Please Read these Reasons You Should Adopt a Cat with FIV

When you go to adopt a cat, you might find that one or two have FIV (Feline Immunodeficiency Virus). This virus impacts the immune system by depleting the number of white blood cells. There are plenty of misconceptions surrounding FIV, so these cats are often hard to rehome. Here are just a few reasons why you should consider making one part of the family.

FIV is Not Easily Transmissible

There's a myth that FIV cats are fine to adopt as long as you don't have any other kitties in your household. However, you can still adopt a cat with FIV and not worry about the virus spreading to your other cats. While problems such as FeLV (feline leukemia) can be transmitted through grooming, sharing food, and other forms of casual contact, FIV can only be transmitted between cats in the same household through deep bite wounds and sexual activity. Sterilized cats are extremely unlikely to engage in either activity.

FIV Cannot Be Spread to You

Feline Immunodeficiency Virus belongs to the same group as Human Immunodeficiency Virus (HIV). Given the fear and stigma that surrounds HIV, it's natural for prospective cat owners to be a little worried about adopting a cat with any similar problem. However, it's called 'feline' immunodeficiency virus for a reason – not matter what you do, FIV cannot be spread to humans. It only affects cats, so even dogs or other animals won't be in danger.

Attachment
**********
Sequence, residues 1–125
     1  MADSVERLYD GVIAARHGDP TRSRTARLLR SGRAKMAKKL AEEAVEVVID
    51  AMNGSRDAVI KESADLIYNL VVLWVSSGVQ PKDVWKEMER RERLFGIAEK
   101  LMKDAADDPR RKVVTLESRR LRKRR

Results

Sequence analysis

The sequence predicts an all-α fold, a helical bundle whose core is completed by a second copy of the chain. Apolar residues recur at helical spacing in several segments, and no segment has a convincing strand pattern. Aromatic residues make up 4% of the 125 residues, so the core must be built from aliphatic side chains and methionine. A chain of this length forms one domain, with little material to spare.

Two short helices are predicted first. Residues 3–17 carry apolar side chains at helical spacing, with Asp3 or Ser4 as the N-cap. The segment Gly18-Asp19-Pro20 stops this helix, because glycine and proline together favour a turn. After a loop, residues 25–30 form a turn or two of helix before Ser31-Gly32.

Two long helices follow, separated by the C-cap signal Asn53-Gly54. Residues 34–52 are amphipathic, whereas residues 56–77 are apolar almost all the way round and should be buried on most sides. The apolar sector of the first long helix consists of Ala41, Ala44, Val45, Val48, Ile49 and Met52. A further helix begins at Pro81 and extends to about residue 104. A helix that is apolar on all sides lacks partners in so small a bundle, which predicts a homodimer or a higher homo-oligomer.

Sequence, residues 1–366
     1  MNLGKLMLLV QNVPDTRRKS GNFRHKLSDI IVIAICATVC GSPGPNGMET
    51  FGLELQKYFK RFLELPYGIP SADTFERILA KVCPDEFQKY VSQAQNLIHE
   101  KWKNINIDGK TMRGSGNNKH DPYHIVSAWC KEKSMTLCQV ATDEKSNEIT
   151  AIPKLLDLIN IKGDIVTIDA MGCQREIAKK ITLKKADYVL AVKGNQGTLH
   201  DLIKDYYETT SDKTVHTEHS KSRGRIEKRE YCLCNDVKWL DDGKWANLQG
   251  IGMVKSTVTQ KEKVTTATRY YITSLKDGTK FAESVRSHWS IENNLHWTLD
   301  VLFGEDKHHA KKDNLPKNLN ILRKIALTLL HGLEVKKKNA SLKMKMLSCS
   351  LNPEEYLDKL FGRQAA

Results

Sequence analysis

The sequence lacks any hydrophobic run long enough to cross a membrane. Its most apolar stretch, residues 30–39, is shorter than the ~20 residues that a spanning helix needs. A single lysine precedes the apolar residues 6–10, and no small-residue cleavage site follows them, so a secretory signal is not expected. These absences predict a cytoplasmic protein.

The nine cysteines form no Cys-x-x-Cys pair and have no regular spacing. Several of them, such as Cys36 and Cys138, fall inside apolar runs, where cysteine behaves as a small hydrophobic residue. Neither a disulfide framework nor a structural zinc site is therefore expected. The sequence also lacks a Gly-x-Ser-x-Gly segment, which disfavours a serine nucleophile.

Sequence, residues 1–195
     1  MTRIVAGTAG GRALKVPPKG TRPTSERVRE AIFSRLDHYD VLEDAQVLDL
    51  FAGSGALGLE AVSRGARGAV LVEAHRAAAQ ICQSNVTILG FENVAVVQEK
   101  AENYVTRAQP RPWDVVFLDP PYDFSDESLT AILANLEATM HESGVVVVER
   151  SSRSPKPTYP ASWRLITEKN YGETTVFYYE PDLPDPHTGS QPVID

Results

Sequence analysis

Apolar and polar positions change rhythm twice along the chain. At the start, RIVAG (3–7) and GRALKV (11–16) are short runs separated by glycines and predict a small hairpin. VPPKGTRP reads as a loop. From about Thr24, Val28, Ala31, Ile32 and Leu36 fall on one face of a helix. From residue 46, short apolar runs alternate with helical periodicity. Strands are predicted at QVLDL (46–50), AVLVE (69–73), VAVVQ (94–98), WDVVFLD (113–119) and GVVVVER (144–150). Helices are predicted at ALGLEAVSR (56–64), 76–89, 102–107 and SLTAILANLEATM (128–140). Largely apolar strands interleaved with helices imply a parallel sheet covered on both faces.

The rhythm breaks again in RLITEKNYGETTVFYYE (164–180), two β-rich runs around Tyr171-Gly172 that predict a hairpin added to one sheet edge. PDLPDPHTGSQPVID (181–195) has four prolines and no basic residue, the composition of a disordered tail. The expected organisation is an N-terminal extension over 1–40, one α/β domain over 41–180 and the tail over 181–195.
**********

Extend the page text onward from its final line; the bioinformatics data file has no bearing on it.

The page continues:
FIV Cats Can Live Long, Happy Lives

FIV can be a serious condition, but it's actually a very slow acting virus. As such, most FIV positive cats live a normal lifespan with no health problems. You may need to commit to medication and see the vet a little more frequently, but you're not going to be taking care of an animal that will only live a short life and require extensive surgery or veterinary attention. A cat with FIV is more or less like any other cat. That is so say, deserving of a loving home.

FIV Cats are Perfect as Indoor Cats

Cats with FIV can be let outside, but there's always a risk they'll bite another cat in a territorial dispute and pass the disease on. They're also most likely to encounter things that strain their weaker immune systems when let outside. That's fine since plenty of potential cat owners would prefer to keep their cat inside anyway. If you're looking for an indoor cat, it only makes sense to take home one with FIV.